The Waddingtons thing is another part of the lore of the game. I would admire how the hell PB/Hasbro has managed to get that fact into everyone's brain if I didn't hate it so much, because it's just marketing. Marketing marketing marketing. Is there anything about Monopoly at this point that isn't marketing, to make those slabs of cardboard and paper and little metal and plastic trinkets more valuable to own than produce and distribute?
posted by JHarris at 6:34 AM on January 12, 2014


It was a ripping yarn regardless. I'd love to have one of those silk maps.
posted by arcticseal at 6:46 AM on January 12, 2014


Whew, that article could have been a bit more compact, but it was worth slogging through. Did anyone else think of Allo Allo while reading it?
posted by Calzephyr at 7:50 AM on January 12, 2014


> Notably absent from this lore, of course, is The Landlord's Game and any mention of Elizabeth Magie.

Elizabeth Magie is specified as the creator of The Landlord's Game in the first paragraph to directly address the history of Monopoly. The subsequent paragraph opens, "Over the next few decades Magie's design was copied and bootlegged and expanded and embellished..."

It is safe to say that she is given her due in this particular recounting of Monopoly's role in World War II. If it's not at the top of the article, this has more to do with the author's rambling, digressive style which I personally thought was a perfectly fine style of writing for a Sunday morning read about something which is not of vital personal or professional interest to me.
posted by ardgedee at 8:07 AM on January 12, 2014


Elizabeth Magie is specified as the creator of The Landlord's Game in the first paragraph to directly address the history of Monopoly.

By "the lore," I did not mean this article, but Hasbro's oddly widespread promotional information about the game.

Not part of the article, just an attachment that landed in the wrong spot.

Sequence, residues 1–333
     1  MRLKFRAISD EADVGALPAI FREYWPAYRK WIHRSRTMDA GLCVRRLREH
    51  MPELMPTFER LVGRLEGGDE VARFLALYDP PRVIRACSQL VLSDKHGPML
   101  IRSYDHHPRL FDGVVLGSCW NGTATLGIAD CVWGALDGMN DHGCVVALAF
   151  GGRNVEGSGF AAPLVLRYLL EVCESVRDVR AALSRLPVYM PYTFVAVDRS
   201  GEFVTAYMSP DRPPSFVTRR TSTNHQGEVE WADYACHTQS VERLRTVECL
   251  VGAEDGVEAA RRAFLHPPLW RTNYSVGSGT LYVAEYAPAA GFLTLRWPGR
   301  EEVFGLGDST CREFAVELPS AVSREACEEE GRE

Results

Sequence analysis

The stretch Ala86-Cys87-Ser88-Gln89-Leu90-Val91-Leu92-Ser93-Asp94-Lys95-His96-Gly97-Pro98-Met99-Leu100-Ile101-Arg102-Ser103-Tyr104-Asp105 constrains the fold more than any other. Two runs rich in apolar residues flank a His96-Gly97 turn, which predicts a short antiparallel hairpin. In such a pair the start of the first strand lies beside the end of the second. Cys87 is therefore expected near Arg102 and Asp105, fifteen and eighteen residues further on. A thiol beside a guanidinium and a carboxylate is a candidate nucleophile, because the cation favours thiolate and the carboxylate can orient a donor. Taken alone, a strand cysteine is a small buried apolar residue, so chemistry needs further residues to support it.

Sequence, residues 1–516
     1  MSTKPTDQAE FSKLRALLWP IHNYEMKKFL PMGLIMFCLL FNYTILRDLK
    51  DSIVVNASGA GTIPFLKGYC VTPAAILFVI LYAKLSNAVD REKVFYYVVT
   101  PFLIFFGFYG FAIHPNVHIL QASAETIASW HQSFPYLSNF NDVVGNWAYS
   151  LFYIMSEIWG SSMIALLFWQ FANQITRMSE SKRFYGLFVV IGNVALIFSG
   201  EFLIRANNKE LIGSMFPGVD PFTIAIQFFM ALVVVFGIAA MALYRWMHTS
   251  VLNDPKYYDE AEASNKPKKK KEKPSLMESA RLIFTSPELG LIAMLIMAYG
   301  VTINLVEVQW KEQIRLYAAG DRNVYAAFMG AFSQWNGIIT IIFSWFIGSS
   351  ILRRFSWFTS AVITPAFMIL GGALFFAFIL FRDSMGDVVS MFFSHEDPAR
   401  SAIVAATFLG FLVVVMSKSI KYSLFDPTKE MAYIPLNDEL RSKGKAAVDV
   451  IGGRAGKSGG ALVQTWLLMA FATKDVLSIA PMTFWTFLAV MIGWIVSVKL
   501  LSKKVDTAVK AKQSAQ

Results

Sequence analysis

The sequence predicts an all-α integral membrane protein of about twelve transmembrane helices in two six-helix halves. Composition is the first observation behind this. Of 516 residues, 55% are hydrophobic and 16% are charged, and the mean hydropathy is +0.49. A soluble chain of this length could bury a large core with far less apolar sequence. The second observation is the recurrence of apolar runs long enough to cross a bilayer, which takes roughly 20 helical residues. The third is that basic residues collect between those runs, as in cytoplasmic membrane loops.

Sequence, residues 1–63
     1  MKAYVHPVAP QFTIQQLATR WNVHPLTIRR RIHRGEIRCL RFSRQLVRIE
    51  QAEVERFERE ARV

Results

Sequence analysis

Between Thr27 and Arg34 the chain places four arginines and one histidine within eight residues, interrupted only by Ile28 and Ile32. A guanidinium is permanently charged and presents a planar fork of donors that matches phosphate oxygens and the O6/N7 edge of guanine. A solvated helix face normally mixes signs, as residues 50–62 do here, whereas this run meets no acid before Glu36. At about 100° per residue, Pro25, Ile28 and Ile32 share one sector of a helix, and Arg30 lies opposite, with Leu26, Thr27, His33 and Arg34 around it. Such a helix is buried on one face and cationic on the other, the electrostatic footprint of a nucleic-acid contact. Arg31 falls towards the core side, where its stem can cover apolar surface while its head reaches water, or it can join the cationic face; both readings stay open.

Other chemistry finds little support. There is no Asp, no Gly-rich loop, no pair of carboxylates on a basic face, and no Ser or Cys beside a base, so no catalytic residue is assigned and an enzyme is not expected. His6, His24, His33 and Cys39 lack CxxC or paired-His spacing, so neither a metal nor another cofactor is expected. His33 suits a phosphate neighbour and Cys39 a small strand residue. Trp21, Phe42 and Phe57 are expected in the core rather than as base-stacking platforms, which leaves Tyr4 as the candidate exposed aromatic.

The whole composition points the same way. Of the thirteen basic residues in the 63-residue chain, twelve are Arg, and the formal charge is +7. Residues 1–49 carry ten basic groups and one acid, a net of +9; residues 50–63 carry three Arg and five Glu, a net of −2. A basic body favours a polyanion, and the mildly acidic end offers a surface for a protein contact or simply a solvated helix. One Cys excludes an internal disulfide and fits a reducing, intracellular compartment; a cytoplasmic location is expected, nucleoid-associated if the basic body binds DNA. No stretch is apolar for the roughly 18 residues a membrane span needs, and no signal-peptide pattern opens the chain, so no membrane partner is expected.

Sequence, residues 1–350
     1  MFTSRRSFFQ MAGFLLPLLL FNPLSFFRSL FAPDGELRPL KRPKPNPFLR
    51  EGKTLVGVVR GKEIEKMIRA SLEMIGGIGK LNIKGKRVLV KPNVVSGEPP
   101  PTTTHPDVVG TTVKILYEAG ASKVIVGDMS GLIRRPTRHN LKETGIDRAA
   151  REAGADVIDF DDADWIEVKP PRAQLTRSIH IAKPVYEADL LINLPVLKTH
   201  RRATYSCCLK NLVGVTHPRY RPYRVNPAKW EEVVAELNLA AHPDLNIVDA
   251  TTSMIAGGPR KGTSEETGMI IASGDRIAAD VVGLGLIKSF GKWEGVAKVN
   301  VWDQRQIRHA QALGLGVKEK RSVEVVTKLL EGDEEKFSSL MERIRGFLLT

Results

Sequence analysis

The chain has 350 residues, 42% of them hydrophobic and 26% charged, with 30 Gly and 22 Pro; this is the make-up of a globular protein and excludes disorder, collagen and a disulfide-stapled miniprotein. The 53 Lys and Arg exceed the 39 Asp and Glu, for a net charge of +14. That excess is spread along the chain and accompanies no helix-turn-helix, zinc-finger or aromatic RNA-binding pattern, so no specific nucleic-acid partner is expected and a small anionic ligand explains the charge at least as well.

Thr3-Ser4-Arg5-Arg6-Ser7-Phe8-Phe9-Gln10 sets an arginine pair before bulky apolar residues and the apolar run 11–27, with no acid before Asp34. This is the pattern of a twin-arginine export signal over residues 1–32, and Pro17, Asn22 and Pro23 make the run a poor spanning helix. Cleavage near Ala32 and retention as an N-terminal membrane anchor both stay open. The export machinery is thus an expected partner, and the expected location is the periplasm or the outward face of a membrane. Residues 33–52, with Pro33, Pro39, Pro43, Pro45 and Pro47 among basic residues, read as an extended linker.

posted by JHarris at 8:11 AM on January 12, 2014


Me and my other millionaire friends play this game with real USD. No free parking.
posted by oceanjesse at 8:23 AM on January 12, 2014


... and it's an ARG, where we drive from one real property to the next, Gumball Rally style.
posted by zippy at 10:29 AM on January 12, 2014


Me and my other millionaire friends play this game with real USD. No free parking.

Like these guys?
posted by TedW at 10:38 AM on January 12, 2014 [1 favorite]


It was a ripping yarn regardless. I'd love to have one of those silk maps.

I think you mean it was a highly flammable but silent yarn.

I'll show myself out.
posted by a halcyon day at 1:33 PM on January 12, 2014


What a fantastic story.
posted by Sebmojo at 2:16 PM on January 12, 2014


I couldn't get through the article - and I love the subject of WW2 escapes. But try as I might, I couldn't do it. That piece of writing was truly awful.
posted by Nick Verstayne at 3:38 PM on January 12, 2014 [1 favorite]


It was a bit digressive and overlong. The thing that bugged me was the shaggy-dog story overtones -- in the end, there's no proof anyone ever used any of these gadgets to get out. The only testimonial we have is the production documents and the German camp commander who says he found a bunch of the stuff but imagines much more got through.

Seems to me if it had been even slightly common you'd have the odd Stalag 17 anecdote relaying someone's personal experiences. On the other hand, you did have the Official Secrets Act covering Brits, and the narrative of that film (adapted, of course, into Hogan's Heroes) was the ingenuity and determination of the POWs themselves, which is more pleasing in a mass entertainment.
posted by dhartung at 10:46 PM on January 12, 2014 [1 favorite]


Nick what didn't you like about it? I thought it was very good.
posted by Sebmojo at 3:18 PM on January 13, 2014